Hello readers, 2016 has been a year full of exciting changes. Almost too many. In this post and subsequent posts we will bring to you events that made headlines in the field of copyright law.
- Plan to block copyright.in by the Government
In October of this year, the government took notice of a website called copyright.in, with the government stating that the website was a misrepresentation of the official website of the Copyright Office. This has been referred to relevant authorities by the Department of Industrial Policy and Promotion. It urged those who wished to obtain copyright registration to desist from applying for registration through dubious websites such as copyright.in.
- Petition filed against the maker of Thoppil Joppan alleging Copyright Infringement
A producer filed a petition against the makers of Thoppil Joppan, a Malayalam film, claiming copyright infringement. The producer claimed that the makers of Thoppil Joppan had sold the copyright of the film to him. However, the film was released as scheduled.
- IPRS v. Aditya Pandey
The case, which was decided in September, revolved around the issue of whether radio stations that were broadcasting songs were required to pay royalty to the owners of the sound recordings or whether they were required to pay royalty to the lyricists or the owners of the musical scores that were used in the sound recording.
The rights of the lyricists and composers were partly extinguished by virtue of this judgment. Prior to this judgment, the rights of the lyricists and composers of musical scores were considered as being independent of the rights of the owner of the sound recordings. According to this judgment, delivered by Justice Prafulla C. Pant, the Supreme Court, affirming the decision of the Division Bench of the Delhi High Court, the lyricists and composers would not receive royalty for sound recordings that were broadcasted by radio stations if such sound recordings are a part of the cinematographic film. However, it was clarified that this was to be the case only with cinematographic films and not with respect to non-cinematographic sound recordings.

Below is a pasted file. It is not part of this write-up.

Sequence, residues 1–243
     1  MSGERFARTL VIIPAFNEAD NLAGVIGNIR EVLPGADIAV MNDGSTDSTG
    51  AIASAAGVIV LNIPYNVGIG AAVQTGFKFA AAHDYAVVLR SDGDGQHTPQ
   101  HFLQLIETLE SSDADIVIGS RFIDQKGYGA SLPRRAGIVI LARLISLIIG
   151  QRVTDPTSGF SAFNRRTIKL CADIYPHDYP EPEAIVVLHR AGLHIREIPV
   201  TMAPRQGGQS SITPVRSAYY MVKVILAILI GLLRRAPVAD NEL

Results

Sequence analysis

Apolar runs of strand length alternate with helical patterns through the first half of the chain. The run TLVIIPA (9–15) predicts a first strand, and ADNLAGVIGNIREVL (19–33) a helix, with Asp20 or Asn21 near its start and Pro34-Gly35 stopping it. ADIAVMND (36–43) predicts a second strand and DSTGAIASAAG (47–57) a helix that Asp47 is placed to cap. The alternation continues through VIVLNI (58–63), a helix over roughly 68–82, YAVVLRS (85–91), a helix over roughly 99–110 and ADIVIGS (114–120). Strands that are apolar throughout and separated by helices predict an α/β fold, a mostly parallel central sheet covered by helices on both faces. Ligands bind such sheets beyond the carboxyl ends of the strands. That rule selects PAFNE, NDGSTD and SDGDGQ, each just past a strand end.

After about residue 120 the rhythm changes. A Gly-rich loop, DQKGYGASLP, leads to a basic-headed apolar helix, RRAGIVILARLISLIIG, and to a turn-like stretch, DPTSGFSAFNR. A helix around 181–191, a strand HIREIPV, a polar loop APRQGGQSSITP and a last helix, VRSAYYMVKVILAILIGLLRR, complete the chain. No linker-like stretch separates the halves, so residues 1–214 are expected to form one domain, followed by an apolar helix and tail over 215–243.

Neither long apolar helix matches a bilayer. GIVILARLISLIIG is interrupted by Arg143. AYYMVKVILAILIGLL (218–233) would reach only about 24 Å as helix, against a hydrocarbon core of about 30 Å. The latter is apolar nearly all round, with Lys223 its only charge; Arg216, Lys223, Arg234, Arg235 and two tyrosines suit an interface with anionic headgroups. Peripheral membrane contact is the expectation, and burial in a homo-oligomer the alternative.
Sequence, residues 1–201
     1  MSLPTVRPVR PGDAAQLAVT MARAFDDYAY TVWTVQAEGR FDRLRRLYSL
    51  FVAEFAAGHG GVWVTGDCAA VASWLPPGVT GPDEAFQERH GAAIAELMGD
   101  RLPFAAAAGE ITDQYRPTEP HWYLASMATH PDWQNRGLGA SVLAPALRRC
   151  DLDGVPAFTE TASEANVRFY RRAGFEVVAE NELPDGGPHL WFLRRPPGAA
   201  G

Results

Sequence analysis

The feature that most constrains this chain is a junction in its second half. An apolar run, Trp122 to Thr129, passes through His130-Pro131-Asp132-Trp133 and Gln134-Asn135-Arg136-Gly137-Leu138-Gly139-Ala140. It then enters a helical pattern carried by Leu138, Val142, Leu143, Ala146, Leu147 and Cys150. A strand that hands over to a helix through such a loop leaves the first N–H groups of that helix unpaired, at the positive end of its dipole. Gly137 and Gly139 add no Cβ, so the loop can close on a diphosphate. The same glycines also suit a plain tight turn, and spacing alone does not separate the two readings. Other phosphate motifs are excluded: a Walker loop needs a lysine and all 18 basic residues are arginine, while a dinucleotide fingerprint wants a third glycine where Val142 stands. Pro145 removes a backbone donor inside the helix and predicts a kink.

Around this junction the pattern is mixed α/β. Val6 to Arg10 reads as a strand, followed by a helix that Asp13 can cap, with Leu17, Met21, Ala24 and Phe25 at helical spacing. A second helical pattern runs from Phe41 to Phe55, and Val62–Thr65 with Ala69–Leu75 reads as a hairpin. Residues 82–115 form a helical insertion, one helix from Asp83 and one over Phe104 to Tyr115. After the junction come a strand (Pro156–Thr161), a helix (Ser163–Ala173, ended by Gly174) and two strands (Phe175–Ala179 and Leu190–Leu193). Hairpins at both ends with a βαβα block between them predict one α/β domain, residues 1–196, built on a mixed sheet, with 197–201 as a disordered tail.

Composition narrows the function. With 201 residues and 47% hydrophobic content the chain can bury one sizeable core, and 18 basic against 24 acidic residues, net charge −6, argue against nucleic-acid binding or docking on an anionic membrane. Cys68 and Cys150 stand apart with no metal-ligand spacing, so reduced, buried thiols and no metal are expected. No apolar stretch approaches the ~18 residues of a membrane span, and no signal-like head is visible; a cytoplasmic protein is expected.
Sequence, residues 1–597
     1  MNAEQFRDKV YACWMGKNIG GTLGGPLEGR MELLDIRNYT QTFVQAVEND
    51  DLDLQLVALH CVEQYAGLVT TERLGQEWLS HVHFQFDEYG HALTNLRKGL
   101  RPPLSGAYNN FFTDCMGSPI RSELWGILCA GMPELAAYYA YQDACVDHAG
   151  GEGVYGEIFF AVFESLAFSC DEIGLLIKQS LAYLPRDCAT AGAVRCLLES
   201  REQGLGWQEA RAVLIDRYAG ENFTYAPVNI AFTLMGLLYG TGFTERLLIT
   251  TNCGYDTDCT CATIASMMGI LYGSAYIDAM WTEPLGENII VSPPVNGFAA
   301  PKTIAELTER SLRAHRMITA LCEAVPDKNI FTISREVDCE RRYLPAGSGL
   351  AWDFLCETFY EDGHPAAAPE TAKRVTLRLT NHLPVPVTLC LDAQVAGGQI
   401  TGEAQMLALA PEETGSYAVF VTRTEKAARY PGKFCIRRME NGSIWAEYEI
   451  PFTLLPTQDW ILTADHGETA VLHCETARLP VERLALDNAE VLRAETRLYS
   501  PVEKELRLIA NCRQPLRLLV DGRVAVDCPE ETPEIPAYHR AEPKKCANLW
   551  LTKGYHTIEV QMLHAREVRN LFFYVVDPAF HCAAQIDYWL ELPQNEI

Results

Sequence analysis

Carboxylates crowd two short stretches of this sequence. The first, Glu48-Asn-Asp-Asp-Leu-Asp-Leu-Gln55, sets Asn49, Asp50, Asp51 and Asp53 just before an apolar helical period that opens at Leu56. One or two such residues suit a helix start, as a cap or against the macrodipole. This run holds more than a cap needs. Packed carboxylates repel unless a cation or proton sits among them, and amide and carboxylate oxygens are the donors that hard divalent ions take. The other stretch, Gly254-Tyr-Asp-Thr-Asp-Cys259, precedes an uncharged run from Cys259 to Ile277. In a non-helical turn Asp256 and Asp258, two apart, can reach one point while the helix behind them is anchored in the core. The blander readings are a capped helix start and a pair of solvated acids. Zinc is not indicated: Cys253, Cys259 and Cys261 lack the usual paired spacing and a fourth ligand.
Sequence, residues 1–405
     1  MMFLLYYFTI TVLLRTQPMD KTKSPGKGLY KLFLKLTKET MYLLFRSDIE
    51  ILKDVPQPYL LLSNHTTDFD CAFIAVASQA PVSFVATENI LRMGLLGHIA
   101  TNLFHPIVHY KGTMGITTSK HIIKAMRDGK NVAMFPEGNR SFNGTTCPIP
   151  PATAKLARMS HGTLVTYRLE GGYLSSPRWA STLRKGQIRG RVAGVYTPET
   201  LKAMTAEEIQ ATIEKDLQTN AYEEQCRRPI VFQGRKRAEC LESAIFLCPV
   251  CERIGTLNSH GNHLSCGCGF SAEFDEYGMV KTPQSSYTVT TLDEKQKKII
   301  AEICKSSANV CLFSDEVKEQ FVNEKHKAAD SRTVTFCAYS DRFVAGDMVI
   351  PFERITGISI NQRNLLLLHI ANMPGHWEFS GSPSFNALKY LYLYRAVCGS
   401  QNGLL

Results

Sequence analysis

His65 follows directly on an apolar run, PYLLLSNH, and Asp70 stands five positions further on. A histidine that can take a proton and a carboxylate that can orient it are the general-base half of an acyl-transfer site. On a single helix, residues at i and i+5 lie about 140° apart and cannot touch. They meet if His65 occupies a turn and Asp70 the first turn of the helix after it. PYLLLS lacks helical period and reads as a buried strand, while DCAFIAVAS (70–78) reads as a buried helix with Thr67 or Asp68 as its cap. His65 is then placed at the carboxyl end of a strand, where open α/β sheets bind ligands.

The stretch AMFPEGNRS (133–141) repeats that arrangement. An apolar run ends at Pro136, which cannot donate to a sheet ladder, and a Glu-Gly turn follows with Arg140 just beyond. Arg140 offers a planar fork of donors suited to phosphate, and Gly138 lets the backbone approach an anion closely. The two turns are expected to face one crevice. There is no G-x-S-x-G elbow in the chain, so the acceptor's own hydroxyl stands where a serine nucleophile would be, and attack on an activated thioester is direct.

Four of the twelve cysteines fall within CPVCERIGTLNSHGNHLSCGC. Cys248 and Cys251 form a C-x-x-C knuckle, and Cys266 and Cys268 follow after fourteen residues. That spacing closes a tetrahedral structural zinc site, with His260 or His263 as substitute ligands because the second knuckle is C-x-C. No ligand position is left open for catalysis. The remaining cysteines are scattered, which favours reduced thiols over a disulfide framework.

- Fair Use of ICSE/ ISC Examination Question Papers
In a Delhi High Court decision, the question of whether examination question papers could receive copyright protection was discussed in September. However, the order vacated an injunction against the publisher, asking the trial court to consider the injunction application anew. The questions that arose were to do with the sweat of the brow and modicum of creativity test, the doctrine of merger, defences such as fair use etc.
- Statutory Licensing Scheme and Online Broadcasting
The Department of Industrial Policy and Promotion, issuing an office memorandum in the month of September, brought online broadcasting within the scope of the Copyright Act. The memorandum provided for online broadcasting to fall within the scope of S. 31D(3) of the Copyright Act, which speaks of differential rates of royalty for radio broadcasters and television broadcasters. The DIPP has decided to widen the scope of the section by bringing online broadcasters within the purview of the section. Broadcasters, including online broadcasters due to the memorandum, must obtain statutory licenses from right holders.
- Constitutionality of the Copyright Board
The Madras High Court, in an important step, upheld the constitutional validity of the Copyright board, in a decision that was delivered in September of 2016. The decision pertained to the adjudicatory independence of the Copyright Board, the eligibility of technical members, as well as well as the constitutional validity of the compulsory licensing scheme.
- Dispute between TataSky and Youtube
Revolving around Section. 66 of the Information Technology Act and s.65A of the Copyright Act, the suit filed by TataSky pertained to Technological Protection Measures provided for in the Copyright Act. The dispute in this case arose due to a video posted on Youtube, the popular video sharing website, where the uploader of the video taught users of TataSky how to circumvent the Technological Protection Measures taken by TataSky to prevent hacking of their set top boxes so that users may have access to HD channels which they have not subscribed to. Ultimately, the Delhi High Court issued an absolute injunction in TataSky’s favour in the month of August.
Authored by Malavika Parthasarathy
Image Source : here, the image is in public domain.